Chapter 2: Multi-Armed Bandits

The K-Armed Bandit Problem

  1. Define reward
    • A numerical score that provides feedback and defines the goal for an agent.
  2. Understand the temporal nature of the bandit problem
    • Agent’s goal is to maximize the accumulated rewards over time.
  3. Define k-armed bandit
    • An agent who chooses between “K” actions and receives a reward based on the action it chooses.
  4. Define action-values
    • A function describing the expected reward for each action \(q_*(a) \doteq \mathbb{E}[R_t \vert A_t = a] \forall a \in {1,...,k}\).

What to Learn? Estimating Action Values

  1. Define action-value estimation methods
    • Sample-Average method is using sample averge as estimation.
  2. Define exploration and exploitation
    • exploration is to choose an action to improve knowledge for long-term benefit.
    • exploitation is to choose the action to exploit knowledge for short-term benefit.
  3. Select actions greedily using an action-value function
    • Argmax Q over a
  4. Define online learning
    • The learning procedure where policy interacts with environment to learn optimal actions.
  5. Understand a simple online sample-average action-value estimation method
    • After an action, update the action-value estimation as soon as possible.
  6. Define the general online update equation
    • NewEstimate <- OldEstimate + StepSize * (Target - OldEstimate).
  7. Understand why we might use a constant step-size in the case of non-stationarity
    • If we use sample-average, the step size expontentially decay with time, making the policy update heavily biased towards initial rewards. If the problem is nonstationary, the method is unable to keep up with the changing truth.

Exploration vs. Exploitation Tradeoff

  1. Define epsilon-greedy
    • explore with probability epsilon, eploit with probability (1 - epsilon)
  2. Compare the short-term benefits of exploitation and the long-term benefits of exploration
    • When total steps is small, more exploitation may yield more rewards, but exploration may yield higher rewards at a later time.
  3. Understand optimistic initial values
    • Set initial action-value estimates to be higher than the actual expected reward.
  4. Describe the benefits of optimistic initial values for early exploration
    • Effectively shifting a bit exploitation to exploration.
  5. Explain the criticisms of optimistic initial values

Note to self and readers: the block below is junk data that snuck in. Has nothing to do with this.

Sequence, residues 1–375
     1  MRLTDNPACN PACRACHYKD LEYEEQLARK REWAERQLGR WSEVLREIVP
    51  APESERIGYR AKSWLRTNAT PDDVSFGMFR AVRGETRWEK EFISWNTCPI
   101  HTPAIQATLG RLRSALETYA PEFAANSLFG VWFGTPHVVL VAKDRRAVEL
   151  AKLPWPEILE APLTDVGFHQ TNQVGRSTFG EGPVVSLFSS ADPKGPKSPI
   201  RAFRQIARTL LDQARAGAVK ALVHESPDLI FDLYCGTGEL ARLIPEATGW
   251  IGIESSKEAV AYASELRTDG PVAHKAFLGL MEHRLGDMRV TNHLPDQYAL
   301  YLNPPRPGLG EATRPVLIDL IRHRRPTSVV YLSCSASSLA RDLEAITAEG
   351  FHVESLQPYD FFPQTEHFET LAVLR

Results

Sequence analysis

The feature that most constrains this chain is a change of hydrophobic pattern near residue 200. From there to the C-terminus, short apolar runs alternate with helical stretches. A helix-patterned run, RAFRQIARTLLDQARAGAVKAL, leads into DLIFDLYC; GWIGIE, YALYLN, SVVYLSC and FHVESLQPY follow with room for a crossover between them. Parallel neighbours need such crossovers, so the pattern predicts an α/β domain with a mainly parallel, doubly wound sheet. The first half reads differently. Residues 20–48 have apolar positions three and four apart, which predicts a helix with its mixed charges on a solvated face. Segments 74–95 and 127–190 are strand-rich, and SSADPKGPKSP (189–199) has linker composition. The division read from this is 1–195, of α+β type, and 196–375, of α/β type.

• not well suited for non-stationary problems, and we don’t usually know what the value should be.
  6. Describe the upper confidence bound action selection method
    • uses uncertainty in the value estimates for balancing exploration and exploitation.
    • \[A_t \doteq argmax [Q_t(a) + c\sqrt{lnt / N_t(a)}]\]
  7. Define optimism in the face of uncertainty

Chapter 3: Finite Markov Decision Process

Introduction to Markov Decision Processes

  1. Understand Markov Decision Processes, or MDPs
    • A framework for the problem of agent learning from interaction with the environment to achieve a goal.
  2. Describe how the dynamics of an MDP are defined
    • An agent interact with environment at a sequence of discrete time steps.
    • At each time step, the agent receives a representation of the environment state and on that basis, the agent selects an action.
    • One time step later, the agent receives a numerical reward based on its past actions and finds itself in a new state.
  3. Understand the graphical representation of a Markov Decision Process
    • Transition graph.
    • Two kinds of nodes: state nodes and action nodes
    • Each possible state has a state node
    • Each action node connect two state nodes
    • Write the reward \(r(s,a,s')\) and probability of transition \(p(s' \vert s,a)\) on the edge.
  4. Explain how many diverse processes can be written in terms of the MDP framework

Goal of Reinforcement Learning

  1. Describe how rewards relate to the goal of an agent
    • Agent’s goal is to maximize total future reward.
  2. Understand episodes and identify episodic tasks
    • Interactions naturally break into chuncks called episodes.
    • Episodes are independent.
    • At terminal state reset to the start state.

Continuing Tasks

  1. Formulate returns for continuing tasks using discounting
    • discount the rewards in the future by a factor gamma between 0 and 1.
    • \(G_t\) is upper bounded by \(R_{max} \times 1 / (1 - \gamma)\)
    • When \(\gamma\) approaches 0, only immediate reward matters, agent become short sighted.
    • As \(\gamma\) approaches 1, agent is far-sighted.
  2. Describe how returns at successive time steps are related to each other
    • \[G_t = R_{t+1} + \gamma G_{t+1}\]
  3. Understand when to formalize a task as episodic or continuing
    • episodic tasks break naturally into independent episodes.
    • continuing tasks are assumed to continue indefinitely.

Policies and Value Functions

  1. Recognize that a policy is a distribution over actions for each possible state
    • deterministic policy: \(\pi(s)=a\)
    • stochastic policy: \(\pi(a \vert s)\) where \(\Sigma_{a\in\mathbb{A}(s)}\pi(a \vert s) = 1\)
  2. Describe the similarities and differences between stochastic and deterministic policies
    • They both describe what action agent can take at given state.
    • For deterministic policy, agent can only take one action per state.
    • For stochastic policy, there are mutliple action agent can take per state, each action is associated with a probabilty and sum up to 1.
  3. Identify the characteristics of a well-defined policy
  4. Generate examples of valid policies for a given MDP
  5. Describe the roles of state-value and action-value functions in reinforcement learning
  6. Describe the relationship between value functions and policies
  7. Create examples of valid value functions for a given MDP